- The EPA will overturn the Obama administration's tough new requirements to boost fuel efficiency and cut greenhouse gases from passenger cars, multiple news agencies reported.
- The Trump administration was widely expected to announce that it would scale back the standards for model year 2022-2025 cars and trucks.
- The decision sets up a potential legal battle with the state of California, which has vowed to stick by its stringent targets to slash planet-warming carbon emissions from tailpipes.
The Environmental Protection Agency will overturn the Obama administration's tough new requirements to boost fuel efficiency and cut greenhouse gases from passenger cars.
The Trump administration was widely expected to announce that it would scale back the standards for model year 2022-2025 cars and trucks finalized under President Barack Obama. On Monday, EPA Administrator Scott Pruitt said the agency will revise the rules.
Pruitt did not offer details about the scope of the revision. The so-called corporate average fuel economy, or CAFE, standards are currently set to jump to about 50 miles per gallon by 2025, presenting an engineering challenge to the U.S. automotive industry.
"The Obama Administration's determination was wrong," Pruitt said in a statement. "Obama's EPA cut the Midterm Evaluation process short with politically charged expediency, made assumptions about the standards that didn't comport with reality, and set the standards too high."
The Obama administration finalized the CAFE standards for model year 2022-2025 cars and light trucks a week before Trump took office, well ahead of the April 2018 deadline to complete a review of tougher tailpipe rules.
The decision on Monday sets up a potential legal battle with the state of California, which has vowed to stick by its stringent targets to slash planet-warming carbon emissions from tailpipes.
While automakers have long sought relief from Obama's stringent rules, some industry watchers warn the move could create a complex and costly market for the likes of Ford and General Motors. It could split the U.S. car market in two. In that scenario, California and a dozen other states would keep the higher standards in place and the rest of the nation would follow the federal government's lead.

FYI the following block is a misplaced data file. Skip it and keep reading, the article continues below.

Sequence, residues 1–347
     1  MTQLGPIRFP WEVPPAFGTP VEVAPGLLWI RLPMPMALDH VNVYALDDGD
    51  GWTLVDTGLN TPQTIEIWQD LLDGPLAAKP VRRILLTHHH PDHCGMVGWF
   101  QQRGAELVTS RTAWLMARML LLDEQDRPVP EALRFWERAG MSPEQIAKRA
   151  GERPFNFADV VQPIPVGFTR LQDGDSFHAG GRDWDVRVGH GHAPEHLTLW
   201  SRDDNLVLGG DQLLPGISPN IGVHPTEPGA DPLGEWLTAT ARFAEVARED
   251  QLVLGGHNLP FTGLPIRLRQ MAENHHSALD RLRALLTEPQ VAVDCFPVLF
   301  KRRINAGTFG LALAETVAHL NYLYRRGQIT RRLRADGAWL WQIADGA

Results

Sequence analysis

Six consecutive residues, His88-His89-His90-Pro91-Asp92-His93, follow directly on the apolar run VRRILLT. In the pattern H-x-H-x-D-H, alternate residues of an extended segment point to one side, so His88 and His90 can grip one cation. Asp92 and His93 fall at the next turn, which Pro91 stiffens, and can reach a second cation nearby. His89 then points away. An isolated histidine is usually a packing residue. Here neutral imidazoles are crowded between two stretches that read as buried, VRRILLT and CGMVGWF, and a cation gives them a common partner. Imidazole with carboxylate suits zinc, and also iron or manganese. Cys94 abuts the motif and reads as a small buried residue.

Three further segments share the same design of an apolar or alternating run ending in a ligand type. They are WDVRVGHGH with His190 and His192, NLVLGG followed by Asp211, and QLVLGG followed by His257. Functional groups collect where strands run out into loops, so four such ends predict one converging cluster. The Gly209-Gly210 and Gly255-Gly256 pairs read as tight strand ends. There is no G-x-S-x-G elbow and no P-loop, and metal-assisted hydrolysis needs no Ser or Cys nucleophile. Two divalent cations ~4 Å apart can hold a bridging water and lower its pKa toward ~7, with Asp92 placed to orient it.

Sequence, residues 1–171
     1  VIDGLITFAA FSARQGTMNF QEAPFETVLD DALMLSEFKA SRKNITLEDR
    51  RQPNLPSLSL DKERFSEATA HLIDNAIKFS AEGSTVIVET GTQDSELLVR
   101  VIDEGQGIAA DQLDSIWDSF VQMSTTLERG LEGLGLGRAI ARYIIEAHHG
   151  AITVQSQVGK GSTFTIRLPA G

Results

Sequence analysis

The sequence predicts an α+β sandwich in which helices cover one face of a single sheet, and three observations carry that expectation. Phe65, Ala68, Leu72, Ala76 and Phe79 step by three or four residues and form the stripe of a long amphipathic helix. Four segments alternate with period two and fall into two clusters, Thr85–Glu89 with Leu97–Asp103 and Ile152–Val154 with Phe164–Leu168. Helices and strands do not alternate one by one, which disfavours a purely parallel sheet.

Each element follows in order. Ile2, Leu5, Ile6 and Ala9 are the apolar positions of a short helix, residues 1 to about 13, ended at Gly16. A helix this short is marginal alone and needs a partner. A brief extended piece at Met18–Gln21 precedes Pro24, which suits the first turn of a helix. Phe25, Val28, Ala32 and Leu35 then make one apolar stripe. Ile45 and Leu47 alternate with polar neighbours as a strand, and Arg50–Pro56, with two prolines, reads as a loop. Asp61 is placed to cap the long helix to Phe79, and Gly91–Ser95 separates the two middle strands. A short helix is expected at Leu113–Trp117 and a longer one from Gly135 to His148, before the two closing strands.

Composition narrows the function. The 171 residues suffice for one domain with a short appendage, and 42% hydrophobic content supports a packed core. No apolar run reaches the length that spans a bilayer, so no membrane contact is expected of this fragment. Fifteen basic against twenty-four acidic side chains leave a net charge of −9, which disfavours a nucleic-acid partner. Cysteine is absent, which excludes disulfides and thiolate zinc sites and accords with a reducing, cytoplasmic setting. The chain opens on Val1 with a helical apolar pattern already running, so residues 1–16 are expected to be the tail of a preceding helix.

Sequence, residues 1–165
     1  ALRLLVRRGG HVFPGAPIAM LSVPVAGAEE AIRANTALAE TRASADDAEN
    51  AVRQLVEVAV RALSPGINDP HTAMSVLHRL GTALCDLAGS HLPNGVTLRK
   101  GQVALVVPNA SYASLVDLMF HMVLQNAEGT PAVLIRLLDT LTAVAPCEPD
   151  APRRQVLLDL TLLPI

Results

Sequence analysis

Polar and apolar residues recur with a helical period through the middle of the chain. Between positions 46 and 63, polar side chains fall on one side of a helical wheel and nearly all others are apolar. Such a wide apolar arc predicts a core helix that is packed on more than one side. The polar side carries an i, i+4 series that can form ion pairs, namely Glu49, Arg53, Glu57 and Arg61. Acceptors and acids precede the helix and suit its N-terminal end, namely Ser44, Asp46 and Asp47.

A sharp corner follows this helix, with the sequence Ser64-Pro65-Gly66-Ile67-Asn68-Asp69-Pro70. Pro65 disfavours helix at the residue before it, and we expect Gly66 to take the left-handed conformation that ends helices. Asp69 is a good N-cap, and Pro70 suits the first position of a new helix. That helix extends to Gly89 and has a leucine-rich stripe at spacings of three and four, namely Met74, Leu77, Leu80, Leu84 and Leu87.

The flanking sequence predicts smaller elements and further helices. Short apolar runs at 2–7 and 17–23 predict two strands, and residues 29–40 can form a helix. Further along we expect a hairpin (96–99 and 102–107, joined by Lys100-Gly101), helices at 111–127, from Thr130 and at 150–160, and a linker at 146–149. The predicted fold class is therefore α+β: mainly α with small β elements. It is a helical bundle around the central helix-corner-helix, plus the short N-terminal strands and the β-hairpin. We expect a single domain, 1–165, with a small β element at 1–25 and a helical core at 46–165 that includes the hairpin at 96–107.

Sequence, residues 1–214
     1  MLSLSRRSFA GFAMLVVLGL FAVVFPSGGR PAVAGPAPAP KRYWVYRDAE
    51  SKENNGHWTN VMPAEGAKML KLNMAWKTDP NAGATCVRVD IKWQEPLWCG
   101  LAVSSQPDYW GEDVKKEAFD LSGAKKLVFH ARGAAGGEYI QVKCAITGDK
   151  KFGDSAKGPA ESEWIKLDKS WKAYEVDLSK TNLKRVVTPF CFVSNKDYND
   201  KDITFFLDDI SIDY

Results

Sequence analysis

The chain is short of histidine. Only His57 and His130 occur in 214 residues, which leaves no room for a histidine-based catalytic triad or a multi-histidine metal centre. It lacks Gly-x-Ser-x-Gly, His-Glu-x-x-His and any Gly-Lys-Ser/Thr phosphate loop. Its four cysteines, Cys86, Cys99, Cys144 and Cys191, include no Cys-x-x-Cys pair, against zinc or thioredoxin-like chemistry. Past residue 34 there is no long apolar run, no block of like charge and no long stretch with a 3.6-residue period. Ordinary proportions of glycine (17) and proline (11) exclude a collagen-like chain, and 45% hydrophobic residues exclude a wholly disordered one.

California has a waiver under the Clean Air Act that allows the state to implement tougher fuel efficiency standards. The fate of that long-standing special treatment under President Donald Trump remains a subject of speculation. Pruitt said on Monday the waiver is still being re-examined.
"Cooperative federalism doesn't mean that one state can dictate standards for the rest of the country," he said.
Congress enacted the CAFE standards in 1975 with the goal of shrinking fuel consumption. The Obama administration proposed new regulations to further erode the nation's appetite for fossil fuels, tackle climate change and bolster the nation's energy security.
The transportation sector accounts for about a quarter of greenhouse gas emissions from human activity in the United States, according to the EPA.
Trump and Pruitt have both questioned the overwhelming consensus among climate scientists that carbon emissions from human activity are the primary cause of global warming.
Environmental groups immediately criticized the move.
"The Trump administration's decision will take America backward by jeopardizing successful safeguards that are working to clean our air, save drivers money at the pump, and drive technological innovation that creates jobs," said Luke Tonachel, director of the Natural Resources Defense Council's clean vehicles and fuels project, in a statement.
But the decision won praise from corners of conservatism and libertarian think tanks that have cheered the president's rollback of Obama-era environmental rules.
"EPA's announcement is good news for consumers who care about safety, performance, and size, as well as fuel economy in the vehicles they drive. This is the first step in many years toward reducing government control over what kinds of cars people can choose to buy," said Myron Ebell, director of the Competitive Enterprise Institute's Center for Energy and Environment and head of the EPA's transition team under Trump.